Skip to Content

Decisions of the Superior Courts of New South Wales, 1788-1899

R v Murray and Cunningham [1833] NSWSupC 61

stealing, horse - autrefois acquit - reception of English law

Supreme Court of New South Wales

Dowling J., 23 May 1833

Source: Australian, 24 May 1833[ 1]

Thursday, May 23. - Before Judge Dowling and the usual Commission.

Hamilton Murray and Thomas Cunningham were jointly indicted for stealing a filly the property of Alexander Imlay, at Swashfield on the 26th October.

It appearing in evidence that the filly was the joint property of Alexander and Peter Imlay, the prisoners were under the direction of the learned Judge acquitted upon that information.  They were again indicted for stealing the filly, the property of Alexander Imlay and another; before the prisoners pleaded, Mr. Therry who defended them took an objection to their being again indicted, on the plea of autrefois acquit and cited in support of his argument from 2d Russel on Crimes 39.  Judge Dowling in reply remarked that this was at least the twelfth time to his knowledge that the same point had been over-ruled by the Court, he was surprised that any gentleman of learning and information should stop cases every time they came into Court on points that had been so often decided.  Such an objection could not prevail unless the prisoners had been placed in jeopardy - where there had been a fair trial on both sides as to the merits; the present trial had been one of mere form; if it had been at the end of the trial and the prisoners had exposed their case, then the objection would have prevailed.  The filly was laid as the property of Alexander Imlay, when it appeared not to have belonged to him, but to him and another, on that indictment the prisoners had been properly and righteously acquitted, as the technical part had fallen to the ground, but that indictment could not meet the indictment on which they were now charged, their being a considerable variance and the record must cover the whole matter, in form and substance.  The present objection must be over-ruled.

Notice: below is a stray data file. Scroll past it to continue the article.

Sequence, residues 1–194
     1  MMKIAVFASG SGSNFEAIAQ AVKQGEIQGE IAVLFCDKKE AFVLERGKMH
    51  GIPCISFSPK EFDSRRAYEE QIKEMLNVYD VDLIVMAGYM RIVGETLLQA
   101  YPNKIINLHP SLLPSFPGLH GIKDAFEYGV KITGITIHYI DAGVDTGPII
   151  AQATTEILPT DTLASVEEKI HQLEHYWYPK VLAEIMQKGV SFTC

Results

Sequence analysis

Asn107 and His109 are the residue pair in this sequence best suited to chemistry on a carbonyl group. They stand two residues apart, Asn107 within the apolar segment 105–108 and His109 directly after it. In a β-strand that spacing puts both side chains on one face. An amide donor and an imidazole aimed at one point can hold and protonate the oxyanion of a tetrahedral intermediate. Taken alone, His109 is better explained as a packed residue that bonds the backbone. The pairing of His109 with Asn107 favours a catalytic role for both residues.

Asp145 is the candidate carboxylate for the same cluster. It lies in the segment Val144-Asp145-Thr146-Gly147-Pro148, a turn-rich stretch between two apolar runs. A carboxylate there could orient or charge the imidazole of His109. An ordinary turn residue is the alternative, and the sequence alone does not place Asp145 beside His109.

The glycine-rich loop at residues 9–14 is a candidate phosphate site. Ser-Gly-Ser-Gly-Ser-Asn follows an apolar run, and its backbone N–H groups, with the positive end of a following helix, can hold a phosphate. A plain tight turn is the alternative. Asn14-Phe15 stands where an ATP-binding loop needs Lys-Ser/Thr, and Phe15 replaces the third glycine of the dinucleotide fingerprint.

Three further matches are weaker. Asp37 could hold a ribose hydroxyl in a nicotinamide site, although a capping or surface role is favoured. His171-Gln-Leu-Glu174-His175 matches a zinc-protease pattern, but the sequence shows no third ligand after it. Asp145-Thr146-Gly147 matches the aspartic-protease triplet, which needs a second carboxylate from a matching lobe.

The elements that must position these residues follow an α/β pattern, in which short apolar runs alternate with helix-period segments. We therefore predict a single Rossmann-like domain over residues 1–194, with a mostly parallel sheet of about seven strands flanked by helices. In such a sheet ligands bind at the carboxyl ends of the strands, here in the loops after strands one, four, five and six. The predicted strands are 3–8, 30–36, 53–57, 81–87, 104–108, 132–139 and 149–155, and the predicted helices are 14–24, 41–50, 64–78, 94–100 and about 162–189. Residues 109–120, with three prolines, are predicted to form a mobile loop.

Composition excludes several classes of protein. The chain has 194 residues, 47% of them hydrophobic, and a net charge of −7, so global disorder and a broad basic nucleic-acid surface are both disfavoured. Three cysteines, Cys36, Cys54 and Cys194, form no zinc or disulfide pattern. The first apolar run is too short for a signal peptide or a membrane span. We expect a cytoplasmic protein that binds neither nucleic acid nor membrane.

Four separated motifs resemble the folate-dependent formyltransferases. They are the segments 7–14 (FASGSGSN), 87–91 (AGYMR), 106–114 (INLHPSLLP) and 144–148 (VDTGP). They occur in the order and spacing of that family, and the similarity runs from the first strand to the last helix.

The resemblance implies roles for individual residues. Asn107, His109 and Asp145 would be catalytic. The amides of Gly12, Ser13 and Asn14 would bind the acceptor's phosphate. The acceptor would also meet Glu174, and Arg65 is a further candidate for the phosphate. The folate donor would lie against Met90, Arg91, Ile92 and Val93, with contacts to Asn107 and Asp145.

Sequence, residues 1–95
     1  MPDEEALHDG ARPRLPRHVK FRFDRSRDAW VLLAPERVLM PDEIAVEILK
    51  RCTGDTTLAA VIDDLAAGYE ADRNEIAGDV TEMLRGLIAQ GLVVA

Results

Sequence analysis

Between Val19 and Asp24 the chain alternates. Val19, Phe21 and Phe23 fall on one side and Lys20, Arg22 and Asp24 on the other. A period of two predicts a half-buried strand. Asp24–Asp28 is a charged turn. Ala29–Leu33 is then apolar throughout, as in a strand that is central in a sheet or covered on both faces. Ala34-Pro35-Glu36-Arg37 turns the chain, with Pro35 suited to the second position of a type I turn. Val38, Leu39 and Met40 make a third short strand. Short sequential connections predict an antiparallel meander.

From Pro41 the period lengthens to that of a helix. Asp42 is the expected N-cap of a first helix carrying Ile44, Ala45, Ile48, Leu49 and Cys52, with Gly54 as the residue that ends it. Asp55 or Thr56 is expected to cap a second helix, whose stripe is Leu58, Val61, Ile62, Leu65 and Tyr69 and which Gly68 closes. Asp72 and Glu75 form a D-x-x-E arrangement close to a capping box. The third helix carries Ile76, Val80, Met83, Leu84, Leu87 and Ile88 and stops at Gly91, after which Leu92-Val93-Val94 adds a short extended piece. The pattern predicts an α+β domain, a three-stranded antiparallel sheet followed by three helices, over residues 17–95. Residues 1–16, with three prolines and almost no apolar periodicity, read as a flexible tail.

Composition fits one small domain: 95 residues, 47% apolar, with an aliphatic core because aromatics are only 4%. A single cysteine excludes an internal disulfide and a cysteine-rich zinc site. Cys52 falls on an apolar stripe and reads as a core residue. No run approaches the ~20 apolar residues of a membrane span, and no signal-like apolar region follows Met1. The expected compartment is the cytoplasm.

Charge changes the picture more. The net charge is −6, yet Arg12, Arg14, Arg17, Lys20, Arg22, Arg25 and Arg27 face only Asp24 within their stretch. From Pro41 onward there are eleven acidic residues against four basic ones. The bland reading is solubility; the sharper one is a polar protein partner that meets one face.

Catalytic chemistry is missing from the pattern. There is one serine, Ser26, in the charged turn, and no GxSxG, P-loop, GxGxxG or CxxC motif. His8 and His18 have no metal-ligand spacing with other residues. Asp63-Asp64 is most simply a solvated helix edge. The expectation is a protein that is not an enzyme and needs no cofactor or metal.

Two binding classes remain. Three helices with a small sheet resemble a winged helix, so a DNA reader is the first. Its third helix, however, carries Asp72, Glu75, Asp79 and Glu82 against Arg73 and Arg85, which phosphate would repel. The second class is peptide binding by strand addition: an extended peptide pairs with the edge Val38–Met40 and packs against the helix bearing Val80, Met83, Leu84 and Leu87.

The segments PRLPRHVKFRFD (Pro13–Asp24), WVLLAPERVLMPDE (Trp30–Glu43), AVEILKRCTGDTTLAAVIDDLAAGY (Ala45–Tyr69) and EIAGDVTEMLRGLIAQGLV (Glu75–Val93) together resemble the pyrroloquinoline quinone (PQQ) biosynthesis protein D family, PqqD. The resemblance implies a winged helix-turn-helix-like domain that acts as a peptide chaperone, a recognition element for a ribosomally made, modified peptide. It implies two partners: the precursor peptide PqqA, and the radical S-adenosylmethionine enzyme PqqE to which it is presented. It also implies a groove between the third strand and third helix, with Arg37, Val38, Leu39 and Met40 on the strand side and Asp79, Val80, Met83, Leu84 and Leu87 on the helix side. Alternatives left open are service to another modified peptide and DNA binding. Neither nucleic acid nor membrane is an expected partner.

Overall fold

Mr Therry wished his Honor to take a note of the objection which was declined, the point being too well settled, but Mr. Therry might argue the question before His Excellency in Council.

Both prisoners were acquitted.[2 ]

 

Forbes C.J., Dowling and Burton JJ, 27 June 1833

Source: Sydney Herald, 1 July 1833[3 ]

 

Hamilton Murray, convicted of horse stealing, was placed at the bar, when Judge Dowling addressed him, observing that he had been sentenced to transportation for life after conviction, under a late Act of Parliament, the Judges however entertained a doubt whether that Act applied to this Colony at present, not having been re-enacted, by the Colonial Legislature, and adopted; and the Court having power to alter a sentence during its sittings, now ordered sentence of death to be recorded against him.

 

Notes

[1 ] See also Sydney Gazette, 25 May 1833; Sydney Herald, 27 May 1833.  For the trial notes, see Dowling, Proceedings of the Supreme Court, Vol. 81, State Records of New South Wales, 2/3264, p. 125.

[2 ] Murray was then tried again for stealing another horse, and found guilty: Australian, 24 May 1833; Sydney Herald, 27 May 1833.

[3 ] See also, Australian, 1 July 1833.

Published by the Division of Law, Macquarie University